Thrings Meets... Bath City Farm

Thrings meets Bath city farm

Thrings Solicitor Jake Wennen meets Brendan Tate Wistreich, Director of Bath City Farm


Jake Wennen: Bath City Farm is not your usual farm. Can you tell us a little more about it?

Brendan Tate Wistreich: We’re a farm and charity based in Whiteway and Twerton for almost 30 years, using our unique setting to not just create produce, but to improve wellbeing and transform lives for people of all ages and abilities.

JW: You’ve been here for some time then, but the land itself has been used for agriculture for quite a lot longer hasn’t it?

BTW: It has! This land has centuries of history having been farmed during medieval times and there is even evidence of a Roman settlement nearby. It is actually referenced in the Domesday Book and we have six fields that still reference their Anglo-Saxon names!

JW: So how has it evolved to what it is today?

BTW: When we formed in 1995, we adopted the values that the city farm movement was built on back in the 1970s, giving inner-city children a place to experience the countryside, addressing issues of poverty and forming a sense of community around nature, food and farming.

While the role of city farms has adapted with society over the years, they’re still relevant for supporting those who are disadvantaged to build new skills and self-confidence whilst bringing people into closer connection with the natural environment.

Over the years, the Farm has also stepped up to support people through the pressing issues of our time, whether that is helping ease the strain of mental health problems through being in a safe space or providing a service to support people through the cost of living crisis.

JW: It is clear that you have one of the best views of Bath here but what are the other features of the farm that people can enjoy whilst visiting?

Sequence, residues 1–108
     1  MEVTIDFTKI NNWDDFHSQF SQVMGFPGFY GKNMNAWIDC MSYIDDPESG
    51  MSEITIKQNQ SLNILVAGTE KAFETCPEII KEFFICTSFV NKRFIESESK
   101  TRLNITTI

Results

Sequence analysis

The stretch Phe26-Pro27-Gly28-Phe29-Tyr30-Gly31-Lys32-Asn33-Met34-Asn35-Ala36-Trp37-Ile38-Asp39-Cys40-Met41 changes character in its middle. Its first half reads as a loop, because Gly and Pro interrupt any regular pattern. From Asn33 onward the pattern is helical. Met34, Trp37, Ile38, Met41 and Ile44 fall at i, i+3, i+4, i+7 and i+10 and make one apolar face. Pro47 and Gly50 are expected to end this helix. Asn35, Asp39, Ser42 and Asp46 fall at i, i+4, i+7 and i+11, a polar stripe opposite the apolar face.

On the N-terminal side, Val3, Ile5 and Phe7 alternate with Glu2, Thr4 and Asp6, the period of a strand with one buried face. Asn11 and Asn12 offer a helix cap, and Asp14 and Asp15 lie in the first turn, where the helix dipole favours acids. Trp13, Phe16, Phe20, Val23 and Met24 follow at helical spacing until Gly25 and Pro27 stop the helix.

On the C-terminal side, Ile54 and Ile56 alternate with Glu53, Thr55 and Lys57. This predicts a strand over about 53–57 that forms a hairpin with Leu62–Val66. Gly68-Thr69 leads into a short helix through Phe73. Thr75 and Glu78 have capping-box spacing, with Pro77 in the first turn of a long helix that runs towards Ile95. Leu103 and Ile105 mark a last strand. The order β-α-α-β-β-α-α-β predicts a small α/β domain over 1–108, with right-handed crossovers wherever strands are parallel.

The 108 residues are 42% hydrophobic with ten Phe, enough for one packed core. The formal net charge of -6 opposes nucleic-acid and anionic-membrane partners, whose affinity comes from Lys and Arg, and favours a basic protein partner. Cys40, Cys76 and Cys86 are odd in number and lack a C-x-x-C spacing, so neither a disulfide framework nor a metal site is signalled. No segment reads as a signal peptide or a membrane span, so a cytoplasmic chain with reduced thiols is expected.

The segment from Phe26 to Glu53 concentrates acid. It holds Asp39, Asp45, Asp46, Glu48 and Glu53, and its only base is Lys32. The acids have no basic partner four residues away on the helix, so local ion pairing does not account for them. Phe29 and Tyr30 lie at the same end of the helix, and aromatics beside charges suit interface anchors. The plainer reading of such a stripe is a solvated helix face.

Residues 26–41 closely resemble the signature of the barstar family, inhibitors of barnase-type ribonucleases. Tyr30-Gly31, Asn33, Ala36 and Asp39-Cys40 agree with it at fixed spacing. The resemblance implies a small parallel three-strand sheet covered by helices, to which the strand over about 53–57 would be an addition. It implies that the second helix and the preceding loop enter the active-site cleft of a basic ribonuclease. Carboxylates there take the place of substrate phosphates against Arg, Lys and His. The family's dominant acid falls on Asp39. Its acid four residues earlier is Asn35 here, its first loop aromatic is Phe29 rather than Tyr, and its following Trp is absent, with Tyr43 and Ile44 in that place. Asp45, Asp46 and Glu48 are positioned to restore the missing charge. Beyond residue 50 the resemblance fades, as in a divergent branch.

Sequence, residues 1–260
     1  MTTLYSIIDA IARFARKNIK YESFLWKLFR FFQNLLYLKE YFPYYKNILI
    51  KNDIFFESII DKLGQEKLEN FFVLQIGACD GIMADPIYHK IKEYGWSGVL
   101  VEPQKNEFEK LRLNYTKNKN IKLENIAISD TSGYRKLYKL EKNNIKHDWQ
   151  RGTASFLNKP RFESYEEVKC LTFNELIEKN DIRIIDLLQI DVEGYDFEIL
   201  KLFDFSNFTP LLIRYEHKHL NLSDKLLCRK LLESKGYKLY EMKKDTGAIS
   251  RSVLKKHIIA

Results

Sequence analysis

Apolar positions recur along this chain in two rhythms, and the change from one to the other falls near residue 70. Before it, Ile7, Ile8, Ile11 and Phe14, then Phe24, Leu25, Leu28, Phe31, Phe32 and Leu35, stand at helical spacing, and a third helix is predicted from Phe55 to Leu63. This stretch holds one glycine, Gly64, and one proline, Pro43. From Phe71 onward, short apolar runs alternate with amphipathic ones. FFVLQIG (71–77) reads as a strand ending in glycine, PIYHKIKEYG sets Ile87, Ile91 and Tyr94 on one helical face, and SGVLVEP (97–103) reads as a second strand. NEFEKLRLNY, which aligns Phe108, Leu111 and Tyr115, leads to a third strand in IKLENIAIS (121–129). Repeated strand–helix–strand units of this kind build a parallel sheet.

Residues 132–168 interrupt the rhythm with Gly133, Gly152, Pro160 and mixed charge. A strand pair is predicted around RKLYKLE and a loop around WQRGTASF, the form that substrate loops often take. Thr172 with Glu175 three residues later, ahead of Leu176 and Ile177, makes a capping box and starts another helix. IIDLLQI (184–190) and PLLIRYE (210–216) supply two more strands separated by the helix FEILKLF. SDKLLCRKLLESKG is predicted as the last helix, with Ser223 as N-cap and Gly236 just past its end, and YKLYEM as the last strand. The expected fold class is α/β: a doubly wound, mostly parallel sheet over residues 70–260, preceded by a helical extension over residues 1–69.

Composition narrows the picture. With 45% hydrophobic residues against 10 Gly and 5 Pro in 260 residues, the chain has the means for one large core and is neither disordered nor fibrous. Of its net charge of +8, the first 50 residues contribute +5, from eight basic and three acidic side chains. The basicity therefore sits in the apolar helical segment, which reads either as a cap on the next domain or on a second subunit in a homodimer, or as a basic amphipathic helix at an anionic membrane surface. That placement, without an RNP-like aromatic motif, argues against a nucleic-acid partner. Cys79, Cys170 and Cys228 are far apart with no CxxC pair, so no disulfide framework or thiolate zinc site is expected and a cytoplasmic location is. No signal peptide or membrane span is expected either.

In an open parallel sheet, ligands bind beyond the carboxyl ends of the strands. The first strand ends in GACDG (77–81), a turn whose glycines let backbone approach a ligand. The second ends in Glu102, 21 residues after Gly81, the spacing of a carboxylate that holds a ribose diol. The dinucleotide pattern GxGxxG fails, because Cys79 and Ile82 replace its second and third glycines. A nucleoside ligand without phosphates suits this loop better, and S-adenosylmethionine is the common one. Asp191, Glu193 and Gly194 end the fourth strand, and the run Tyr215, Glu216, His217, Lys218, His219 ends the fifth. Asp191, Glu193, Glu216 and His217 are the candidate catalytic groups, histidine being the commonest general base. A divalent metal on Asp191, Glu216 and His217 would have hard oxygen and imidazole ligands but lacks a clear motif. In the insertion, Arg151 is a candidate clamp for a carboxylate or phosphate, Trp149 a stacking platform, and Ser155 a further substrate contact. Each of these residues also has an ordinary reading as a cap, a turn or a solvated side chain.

BTW: We’re free to visit, and people come all year round to meet our animals and enjoy our green spaces as they go for a walk along our nature trail. We opened our amazing new café last year which has become incredibly popular for having a coffee or enjoying lunch whilst looking out over the city.

We also hold workshops throughout the year, helping people to develop skills around horticulture, endangered crafts and wildlife conservation, and host a wide range of events including our recent Autumn Fayre, with plenty of activities and games for everyone to enjoy.

JW: And what kind of projects do you run?

BTW: We try to offer something for all ages and abilities so there’s quite a range on offer, such as horticulture and animal therapies to support mental health and healthy cooking classes to help improve culinary skills and understanding around healthy diets.

Our Roots to Work programme has helped people who are long-time unemployed, with a work placement opportunity that helps them to reskill and build confidence. For some this has been what helped them in finding a job, which is always rewarding to see.

As you can imagine, running such a wide range of programs can be quite demanding and we have doubled our staff over the past two years to meet the demand for our services. Most of our

employed team are from the local area, many who have previously volunteered and even some who were previously service users. Being able to help people on their journey is brilliant and we are proud of every member of our team!

JW: What does the future look like for Bath City Farm?

BTW: We want to continue focusing on our therapeutic and education work. This includes growing the number of projects we offer and partnering with more local organisations to collaborate on tackling bigger issues.

There is also a lot more we can be doing to tackle the climate crisis. We have a local ecologist as part of the team who has recorded more than 1,200 species across our 37-acre site. Whilst that is amazing, we know there is more we can do to help increase biodiversity.

Over the coming months and years, we have planned to regenerate our grassland and create new habitats for pollinators. We’ve recently planted an orchard with 175 fruit trees, and this year will plant a nuttery and wildflower nursery. It’s going to be amazing to watch these spaces grow and be enjoyed by local people for years to come.

To find out more about Bath City Farm, visit


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